She even provided Eggleston with a floorplan of the mansion, Huggins told police.

After Eggleston tried to collect the rest of the $10,000 from Mrs. Clark, she refused to pay at first because newspapers contained no report of the murder.
But that was because the body was not discovered for three days.

After the news stories finally appeared, Huggins said, he was present when Mrs. Clark paid off: $6,000.

Based on Huggins’s confession, Huggins, Eggleston, Green, and Mrs. Clark were arrested. The three men were charged with murder; the widow Clark with being an accomplice to murder.

In April 1955 Willard Hauer was still in Huntsville. Investigators hoped he would corroborate the confession of Harry Huggins. But Hauer claimed to know nothing, denied having been with Huggins when Huggins disposed of William Clark’s wallet and the shoes worn by Cecil Green at the crime scene.

Another clipping for the Hauer family scrapbook. Hauer continued to claim to know nothing and refused to take a lie detector test. He wasn’t going to risk the wrath of two of the most-feared gangsters in town, even from the safety of prison walls.

Fast-forward to November 1955. Hauer had been released from Huntsville. The widow Clark went on trial as an accomplice in the murder of her husband.

And the state presented its “mystery witness”: Willard Hauer.

He testified that he drove Harry Huggins when Huggins disposed of William Clark’s wallet and the shoes that Cecil Green had worn at the crime scene. A Star-Telegram reported testified that Hauer in April had denied driving Huggins.

Hauer also testified about seeing the three suspects apparently counting money in Huggins’s room on the night Clark was killed.

Newspaper coverage of Hauer’s testimony as a “mystery witness” provided Hauer with the biggest headlines of his criminal career.

But why would Hauer, who had been so reticent to talk in April, present damning testimony against Eggleston and Green in November?

Because a corpse can’t kill you.

Both men had been killed in gangland slayings while free on bond awaiting trial. Green was ambushed in May on Jacksboro Highway as he sat in a parked car with Eggleston. Eggleston’s shotgunned body was found August 31 in a well near Saginaw-Watauga Road.

Hauer had nothing incriminating to say about the widow Clark, and Huggins had confessed, turned state’s evidence, and was going to prison no matter how Hauer testified.

So, no harm could come to Willard from his testimony.

It might even earn him some leniency with the law the next time he was arrested.

And with B-listers there was always a next time.

Mary Clark was acquitted.

Her attorneys had weakened Huggins’s credibility by presenting a witness who testified that she had seen Mrs. Clark at a funeral during the time that Huggins claimed Mrs. Clark was meeting with Huggins and Eggleston to deliver the rest of the payment.

The jury was shown a guest book from the funeral. It contained Mrs. Clark’s signature.

But if the widow Clark had hoped to prevent her estranged husband from writing her out of his will, she acted too late. Before he was murdered he had indeed amended his will, leaving Mrs. Clark ten bucks.

One more loose end to tie up: Harry Huggins, because of his cooperation with the state, was given a “softened” five-year prison sentence for the murder of William Clark.

Fast-forward to 1959.

There’s not much to see there now, a vacant lot on St. Louis Avenue at Daggett Avenue a half-block north of Broadway Baptist Church on the near South Side.

But in 1959 that lot was occupied by a two-story brick building that contained a dozen cheap furnished apartments. ($12.50 would be $100 today.)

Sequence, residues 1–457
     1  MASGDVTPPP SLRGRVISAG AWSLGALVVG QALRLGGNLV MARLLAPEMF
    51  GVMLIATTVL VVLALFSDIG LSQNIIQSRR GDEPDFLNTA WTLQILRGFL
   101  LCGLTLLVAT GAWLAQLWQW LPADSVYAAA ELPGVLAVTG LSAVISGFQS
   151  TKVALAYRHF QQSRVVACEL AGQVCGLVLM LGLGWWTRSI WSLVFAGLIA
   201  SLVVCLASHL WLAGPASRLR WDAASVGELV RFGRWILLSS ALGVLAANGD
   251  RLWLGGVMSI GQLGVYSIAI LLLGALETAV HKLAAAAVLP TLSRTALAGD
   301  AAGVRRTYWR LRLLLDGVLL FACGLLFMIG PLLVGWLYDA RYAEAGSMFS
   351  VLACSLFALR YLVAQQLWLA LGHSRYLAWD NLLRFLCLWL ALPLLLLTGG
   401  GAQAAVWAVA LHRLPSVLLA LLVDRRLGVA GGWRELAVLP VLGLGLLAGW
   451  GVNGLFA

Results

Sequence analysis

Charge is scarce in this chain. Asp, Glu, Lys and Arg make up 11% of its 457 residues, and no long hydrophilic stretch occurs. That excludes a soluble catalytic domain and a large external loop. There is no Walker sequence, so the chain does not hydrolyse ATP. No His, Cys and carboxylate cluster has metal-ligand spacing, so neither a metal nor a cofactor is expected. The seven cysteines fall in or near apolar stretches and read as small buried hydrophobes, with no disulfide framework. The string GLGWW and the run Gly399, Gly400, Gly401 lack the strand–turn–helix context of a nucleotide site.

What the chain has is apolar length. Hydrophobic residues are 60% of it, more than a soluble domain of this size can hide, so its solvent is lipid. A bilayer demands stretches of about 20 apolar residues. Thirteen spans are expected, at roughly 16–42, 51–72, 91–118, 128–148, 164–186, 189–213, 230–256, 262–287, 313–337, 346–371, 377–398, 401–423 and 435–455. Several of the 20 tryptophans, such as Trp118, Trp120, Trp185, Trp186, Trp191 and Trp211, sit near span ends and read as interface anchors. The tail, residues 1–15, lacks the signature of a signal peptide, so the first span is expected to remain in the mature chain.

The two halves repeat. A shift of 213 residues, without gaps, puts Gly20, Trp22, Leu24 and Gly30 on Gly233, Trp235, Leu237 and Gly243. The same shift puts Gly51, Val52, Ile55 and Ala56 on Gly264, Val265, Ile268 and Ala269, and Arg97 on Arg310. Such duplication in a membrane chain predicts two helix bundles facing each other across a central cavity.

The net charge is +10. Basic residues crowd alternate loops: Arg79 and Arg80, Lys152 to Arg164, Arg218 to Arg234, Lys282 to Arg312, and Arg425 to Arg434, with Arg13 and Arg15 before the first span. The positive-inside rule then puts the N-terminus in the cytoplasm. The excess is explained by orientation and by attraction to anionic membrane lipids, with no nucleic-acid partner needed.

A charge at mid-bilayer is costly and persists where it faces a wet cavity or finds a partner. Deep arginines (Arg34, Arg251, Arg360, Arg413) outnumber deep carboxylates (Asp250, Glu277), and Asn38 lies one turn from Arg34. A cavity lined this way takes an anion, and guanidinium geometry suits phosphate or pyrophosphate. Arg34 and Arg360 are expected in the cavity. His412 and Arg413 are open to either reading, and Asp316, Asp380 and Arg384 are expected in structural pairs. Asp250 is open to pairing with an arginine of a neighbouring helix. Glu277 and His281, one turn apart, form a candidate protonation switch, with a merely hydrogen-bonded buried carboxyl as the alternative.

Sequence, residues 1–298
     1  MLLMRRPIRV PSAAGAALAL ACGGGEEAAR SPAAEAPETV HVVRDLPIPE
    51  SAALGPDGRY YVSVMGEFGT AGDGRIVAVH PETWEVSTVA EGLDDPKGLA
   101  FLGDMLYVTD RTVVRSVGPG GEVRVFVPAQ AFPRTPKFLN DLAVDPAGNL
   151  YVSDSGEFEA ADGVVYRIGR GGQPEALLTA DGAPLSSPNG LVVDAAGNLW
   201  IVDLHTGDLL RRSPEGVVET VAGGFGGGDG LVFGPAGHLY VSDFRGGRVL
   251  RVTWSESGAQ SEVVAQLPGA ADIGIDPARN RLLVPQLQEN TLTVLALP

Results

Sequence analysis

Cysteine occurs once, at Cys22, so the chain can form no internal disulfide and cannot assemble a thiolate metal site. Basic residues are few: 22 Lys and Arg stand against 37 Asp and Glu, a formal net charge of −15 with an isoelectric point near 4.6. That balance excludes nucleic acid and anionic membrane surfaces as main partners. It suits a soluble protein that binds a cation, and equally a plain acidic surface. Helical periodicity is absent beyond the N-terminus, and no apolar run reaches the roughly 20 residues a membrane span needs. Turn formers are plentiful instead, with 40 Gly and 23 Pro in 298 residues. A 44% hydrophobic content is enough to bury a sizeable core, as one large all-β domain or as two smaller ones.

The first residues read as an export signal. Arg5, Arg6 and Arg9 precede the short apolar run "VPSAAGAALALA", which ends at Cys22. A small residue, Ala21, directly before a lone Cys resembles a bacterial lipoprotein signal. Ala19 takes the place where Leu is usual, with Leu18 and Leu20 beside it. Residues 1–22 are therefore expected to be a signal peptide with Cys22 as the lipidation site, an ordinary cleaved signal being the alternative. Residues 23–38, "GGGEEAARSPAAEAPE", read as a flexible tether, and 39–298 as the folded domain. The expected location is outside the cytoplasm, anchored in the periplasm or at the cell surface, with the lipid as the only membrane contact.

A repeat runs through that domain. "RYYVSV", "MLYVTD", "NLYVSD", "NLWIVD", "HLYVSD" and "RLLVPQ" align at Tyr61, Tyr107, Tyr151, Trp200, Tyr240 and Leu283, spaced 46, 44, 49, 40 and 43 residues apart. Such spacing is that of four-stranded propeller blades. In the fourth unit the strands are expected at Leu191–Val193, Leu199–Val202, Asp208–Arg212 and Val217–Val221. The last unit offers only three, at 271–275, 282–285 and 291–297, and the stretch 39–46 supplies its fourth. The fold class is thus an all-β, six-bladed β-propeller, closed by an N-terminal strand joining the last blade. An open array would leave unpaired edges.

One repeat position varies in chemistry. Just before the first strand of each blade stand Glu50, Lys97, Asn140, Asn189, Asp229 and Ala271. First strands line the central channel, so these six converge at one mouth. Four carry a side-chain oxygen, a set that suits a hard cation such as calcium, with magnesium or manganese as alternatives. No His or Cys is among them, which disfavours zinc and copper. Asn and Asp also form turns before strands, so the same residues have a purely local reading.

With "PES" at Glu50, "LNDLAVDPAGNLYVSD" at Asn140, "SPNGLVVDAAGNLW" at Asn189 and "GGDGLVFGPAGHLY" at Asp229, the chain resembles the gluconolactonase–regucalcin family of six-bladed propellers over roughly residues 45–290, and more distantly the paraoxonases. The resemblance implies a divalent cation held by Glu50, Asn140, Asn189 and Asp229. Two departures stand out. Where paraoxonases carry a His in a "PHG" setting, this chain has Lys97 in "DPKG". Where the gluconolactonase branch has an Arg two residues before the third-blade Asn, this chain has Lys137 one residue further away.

One of those apartments was occupied by Willard and Darlene Hauer.

By 1959 Willard was forty-seven; Darlene was forty.

Darlene, at forty showing the ravages of her struggle with addiction, was no longer able as a prostitute to entice wealthy married men into compromising situations for blackmail.

Willard still had to resort to selling a used car now and then.

Between 11:20 and 11:45 p.m. on the night of January 2 a tenant who lived elsewhere in the apartment building heard a “quite loud noise” that sounded like gunshots. When she looked out a front window she saw someone running toward a parked car.

The bodies of Willard and Darlene Hauer were discovered by T. C. Ruby, manager of the apartment building. He said he had passed the apartment door en route to another apartment.

“I heard the dog barking and they didn’t seem to pay any attention to it,” he said. “I figured something was wrong.”

The Hauers’ television set was still on when their bodies were discovered. Husband and wife had been shot in the head.

Ruby said the Hauers had occupied the apartment about a year.

Patrolman R. W. Richardson said the apartment was filled with gas when he arrived.

The killer apparently pulled the hose from a gas space heater to allow gas to escape, perhaps hoping for a fire or an explosion.

Police detective A. C. Howerton said that no weapon was found in the apartment and that the killings apparently were a “double murder.”

Howerton recalled arresting A-lister Cecil Green in the same apartment after the robbery of a drug company several years earlier.

The new year was four days old when Willard and Darlene Hauer made the biggest headline of their lives: the banner headline, which was usually reserved for the slaying of A-list hoodlums. Willard and Darlene had topped a Soviet rocket launch and even Alaska’s admission to the Union as the forty-ninth state.

WBAP-TV’s Texas News reported that after no one claimed their bodies the Hauers were buried in Oakwood Cemetery in pauper’s graves.

At the time of her death Darlene Hauer was awaiting trial for shoplifting a four-pound ham and two home permanent kits from a Safeway grocery.

At the time of his death Willard Hauer was two months behind in the rent.

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2 Responses to When Crime Doesn’t Pay—Not Even the Rent

  1. Ghost Writer in Disguise says:

    I always wish I could go visit these addresses I read about. Too bad so many are long gone.

    • hometown says:

      I agree. There is something sorta pitiful about having to fall back on a Google aerial photo of a vacant lot.